The American medical system has the latest technology, the greatest variety of new drugs and unparalleled resources. But anyone who thinks we’re getting something great for our dollars inevitably encounters a two-word rebuke: infant mortality.
The United States is the richest nation on Earth, but it comes in 29th in the world in survival rates among babies. This mediocre ranking is supposed to make an irrefutable case for health care reform. If we cared enough to insure everyone, we are told, we would soon rise to the health standards of other modern nations. It’s just a matter of getting over our weird resistance to a bigger government role in medical care.
But not every health issue is a health care issue. The reason boxers are unusually prone to concussions is not that they lack medical insurance. Doctors may treat head injuries, but it’s a lot easier to prevent them. Absent prevention, we shouldn’t blame the medical industry for punch-drunk fighters.
Like life expectancy, infant mortality is a function of many factors. The more you look at the problem the less it seems to be correctable by a big new federal role in medical insurance — and, in fact, the less it seems to be mainly a medical issue at all.
No one denies the problem. Our infant mortality rate is double that of Japan or Sweden. But we live different lives, on average, than people in those places. We suffer more obesity (about 10 times as much as the Japanese), and we have more births to teenagers (seven times more than the Swedes). Nearly 40 percent of American babies are born to unwed mothers.
Factors like these are linked to low birth weight in babies, which is a dangerous thing. In a 2007 study for the National Bureau of Economic Research, economists June O’Neill and Dave O’Neill noted that “a multitude of behaviors unrelated to the health care system such as substance abuse, smoking and obesity” are connected “to the low birth weight and preterm births that underlie the infant death syndrome.”
African-American babies are far more likely to die than white ones, which is often taken as evidence that poverty and lack of health insurance are to blame. That’s entirely plausible until you notice another racial/ethnic gap: Hispanics of Mexican or Central or South American ancestry not only do consistently better than blacks on infant mortality, they do better than ) whites. Social disadvantage doesn’t explain very much.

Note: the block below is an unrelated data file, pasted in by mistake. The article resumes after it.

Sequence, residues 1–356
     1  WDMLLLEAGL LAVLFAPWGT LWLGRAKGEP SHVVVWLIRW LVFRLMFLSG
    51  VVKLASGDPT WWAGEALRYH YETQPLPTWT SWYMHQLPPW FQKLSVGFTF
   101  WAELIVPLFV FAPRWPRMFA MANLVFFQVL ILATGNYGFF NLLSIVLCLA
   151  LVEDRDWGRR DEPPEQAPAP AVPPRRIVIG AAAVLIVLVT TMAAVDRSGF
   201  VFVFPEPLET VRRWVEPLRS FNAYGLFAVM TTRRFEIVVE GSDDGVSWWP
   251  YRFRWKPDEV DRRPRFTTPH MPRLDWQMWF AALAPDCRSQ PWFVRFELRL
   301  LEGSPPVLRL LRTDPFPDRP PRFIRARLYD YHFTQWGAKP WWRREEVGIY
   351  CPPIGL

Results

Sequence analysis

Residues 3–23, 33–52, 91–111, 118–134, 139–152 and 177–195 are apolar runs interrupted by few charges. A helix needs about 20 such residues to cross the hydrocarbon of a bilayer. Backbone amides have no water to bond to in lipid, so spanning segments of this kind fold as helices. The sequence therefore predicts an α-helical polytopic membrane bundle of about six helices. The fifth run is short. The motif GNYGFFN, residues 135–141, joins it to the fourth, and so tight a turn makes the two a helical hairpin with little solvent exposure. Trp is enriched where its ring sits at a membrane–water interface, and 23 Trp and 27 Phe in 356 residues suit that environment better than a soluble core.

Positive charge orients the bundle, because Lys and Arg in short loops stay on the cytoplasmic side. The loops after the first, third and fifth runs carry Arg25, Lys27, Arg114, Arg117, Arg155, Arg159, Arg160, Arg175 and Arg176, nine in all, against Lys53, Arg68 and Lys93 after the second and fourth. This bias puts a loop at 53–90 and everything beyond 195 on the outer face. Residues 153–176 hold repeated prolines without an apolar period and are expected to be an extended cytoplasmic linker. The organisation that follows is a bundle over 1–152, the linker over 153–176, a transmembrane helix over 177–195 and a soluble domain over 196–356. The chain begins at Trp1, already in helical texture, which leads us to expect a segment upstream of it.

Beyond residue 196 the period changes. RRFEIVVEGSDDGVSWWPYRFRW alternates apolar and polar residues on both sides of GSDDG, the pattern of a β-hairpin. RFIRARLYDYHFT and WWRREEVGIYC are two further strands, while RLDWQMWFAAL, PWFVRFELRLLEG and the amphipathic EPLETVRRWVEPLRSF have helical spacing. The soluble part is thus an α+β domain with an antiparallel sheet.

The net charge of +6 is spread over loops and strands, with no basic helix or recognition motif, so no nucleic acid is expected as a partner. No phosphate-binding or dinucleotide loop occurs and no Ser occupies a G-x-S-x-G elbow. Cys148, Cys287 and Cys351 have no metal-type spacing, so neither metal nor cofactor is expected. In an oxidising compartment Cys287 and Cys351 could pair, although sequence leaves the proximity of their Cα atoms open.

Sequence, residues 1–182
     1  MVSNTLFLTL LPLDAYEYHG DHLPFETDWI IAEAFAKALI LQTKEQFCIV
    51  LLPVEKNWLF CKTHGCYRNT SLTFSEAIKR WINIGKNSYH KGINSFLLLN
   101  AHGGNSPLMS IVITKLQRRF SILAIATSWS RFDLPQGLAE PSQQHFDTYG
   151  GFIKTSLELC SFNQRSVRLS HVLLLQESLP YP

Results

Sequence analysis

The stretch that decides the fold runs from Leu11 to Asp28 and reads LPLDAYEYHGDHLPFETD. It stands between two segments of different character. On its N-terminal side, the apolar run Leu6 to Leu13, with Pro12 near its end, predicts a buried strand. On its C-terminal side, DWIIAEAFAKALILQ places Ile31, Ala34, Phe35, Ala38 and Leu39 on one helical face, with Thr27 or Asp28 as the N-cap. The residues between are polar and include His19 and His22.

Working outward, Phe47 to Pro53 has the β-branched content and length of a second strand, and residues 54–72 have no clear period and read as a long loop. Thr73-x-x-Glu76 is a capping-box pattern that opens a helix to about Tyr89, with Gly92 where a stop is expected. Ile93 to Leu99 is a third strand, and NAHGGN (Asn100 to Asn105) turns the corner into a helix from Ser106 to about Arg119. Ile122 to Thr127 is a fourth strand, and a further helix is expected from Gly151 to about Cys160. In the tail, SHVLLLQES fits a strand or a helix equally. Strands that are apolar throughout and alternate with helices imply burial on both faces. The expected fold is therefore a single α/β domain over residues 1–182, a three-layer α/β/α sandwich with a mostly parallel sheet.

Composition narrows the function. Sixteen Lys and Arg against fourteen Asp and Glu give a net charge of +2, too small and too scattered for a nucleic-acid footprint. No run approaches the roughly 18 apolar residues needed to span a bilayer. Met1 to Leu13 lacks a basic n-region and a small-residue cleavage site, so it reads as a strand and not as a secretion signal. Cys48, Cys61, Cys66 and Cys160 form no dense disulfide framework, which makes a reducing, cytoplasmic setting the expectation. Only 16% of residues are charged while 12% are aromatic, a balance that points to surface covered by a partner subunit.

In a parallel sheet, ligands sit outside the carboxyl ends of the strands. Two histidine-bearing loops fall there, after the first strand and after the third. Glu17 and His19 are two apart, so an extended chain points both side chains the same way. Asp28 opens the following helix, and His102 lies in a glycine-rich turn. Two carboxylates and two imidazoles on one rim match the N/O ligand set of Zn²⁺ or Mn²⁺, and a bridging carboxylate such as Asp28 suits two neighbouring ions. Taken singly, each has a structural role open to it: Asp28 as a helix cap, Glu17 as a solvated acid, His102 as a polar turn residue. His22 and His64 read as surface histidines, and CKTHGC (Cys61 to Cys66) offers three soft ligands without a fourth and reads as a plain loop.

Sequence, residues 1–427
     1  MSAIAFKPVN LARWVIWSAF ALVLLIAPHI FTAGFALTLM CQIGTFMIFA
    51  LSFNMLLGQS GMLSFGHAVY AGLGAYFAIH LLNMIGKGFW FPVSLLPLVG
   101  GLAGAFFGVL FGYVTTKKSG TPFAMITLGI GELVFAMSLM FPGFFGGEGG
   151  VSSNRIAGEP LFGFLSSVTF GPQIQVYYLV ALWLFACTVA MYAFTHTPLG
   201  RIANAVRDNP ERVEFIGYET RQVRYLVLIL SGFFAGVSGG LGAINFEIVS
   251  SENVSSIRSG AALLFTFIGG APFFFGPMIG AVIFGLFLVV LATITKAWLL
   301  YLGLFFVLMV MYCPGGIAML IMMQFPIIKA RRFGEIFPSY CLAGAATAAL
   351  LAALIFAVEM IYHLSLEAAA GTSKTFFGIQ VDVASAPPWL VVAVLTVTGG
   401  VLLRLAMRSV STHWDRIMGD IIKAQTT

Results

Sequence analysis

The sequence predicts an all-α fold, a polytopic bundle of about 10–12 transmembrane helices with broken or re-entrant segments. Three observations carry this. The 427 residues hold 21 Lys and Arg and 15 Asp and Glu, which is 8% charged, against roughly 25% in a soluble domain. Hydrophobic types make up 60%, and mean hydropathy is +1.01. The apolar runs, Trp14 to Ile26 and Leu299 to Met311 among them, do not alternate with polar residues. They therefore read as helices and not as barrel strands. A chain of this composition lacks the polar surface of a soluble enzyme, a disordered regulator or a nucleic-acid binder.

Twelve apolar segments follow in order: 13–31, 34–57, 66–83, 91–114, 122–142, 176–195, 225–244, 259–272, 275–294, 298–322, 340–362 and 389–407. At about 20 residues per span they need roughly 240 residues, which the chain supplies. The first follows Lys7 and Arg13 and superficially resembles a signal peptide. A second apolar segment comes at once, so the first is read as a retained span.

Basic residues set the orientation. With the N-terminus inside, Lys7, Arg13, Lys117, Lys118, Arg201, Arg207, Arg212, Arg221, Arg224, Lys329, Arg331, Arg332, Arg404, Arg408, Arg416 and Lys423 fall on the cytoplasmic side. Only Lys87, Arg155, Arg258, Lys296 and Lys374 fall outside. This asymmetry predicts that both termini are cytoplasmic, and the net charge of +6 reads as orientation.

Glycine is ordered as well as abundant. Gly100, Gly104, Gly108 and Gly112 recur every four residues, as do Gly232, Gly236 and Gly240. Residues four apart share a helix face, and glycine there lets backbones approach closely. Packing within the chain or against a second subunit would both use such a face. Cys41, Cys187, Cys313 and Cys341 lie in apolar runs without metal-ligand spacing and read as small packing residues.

Nor does access to prenatal care, as the health care critique implies. It used to be assumed that if you assured that pregnant low-income women could see a physician, their infants would do much better. Not necessarily.
When New York expanded access to prenatal care under Medicaid, the effort reduced the rate of low birth weight infants by just 1 percent. In Tennessee, after a similar effort, researchers found “no concomitant improvements in use of early prenatal care, birth weight or neonatal mortality.”
So why does our infant mortality rate exceed that of, say, Canada, where health care is free at the point of service? One reason is that we have a lot more tiny newborns. But underweight babies don’t fare worse here than in Canada — quite the contrary.
The NBER paper points out that among the smallest infants, survival rates are better on this side of the border. What that suggests is that if we lived under the Canadian health care system, we would not have a lower rate of infant mortality. We would have a higher one.
A lot of things could be done to keep babies from dying in this country. But the health care “reform” being pushed in Washington is not one of them.
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Steve Chapman blogs daily at newsblogs.chicagotribune.com/steve_chapman.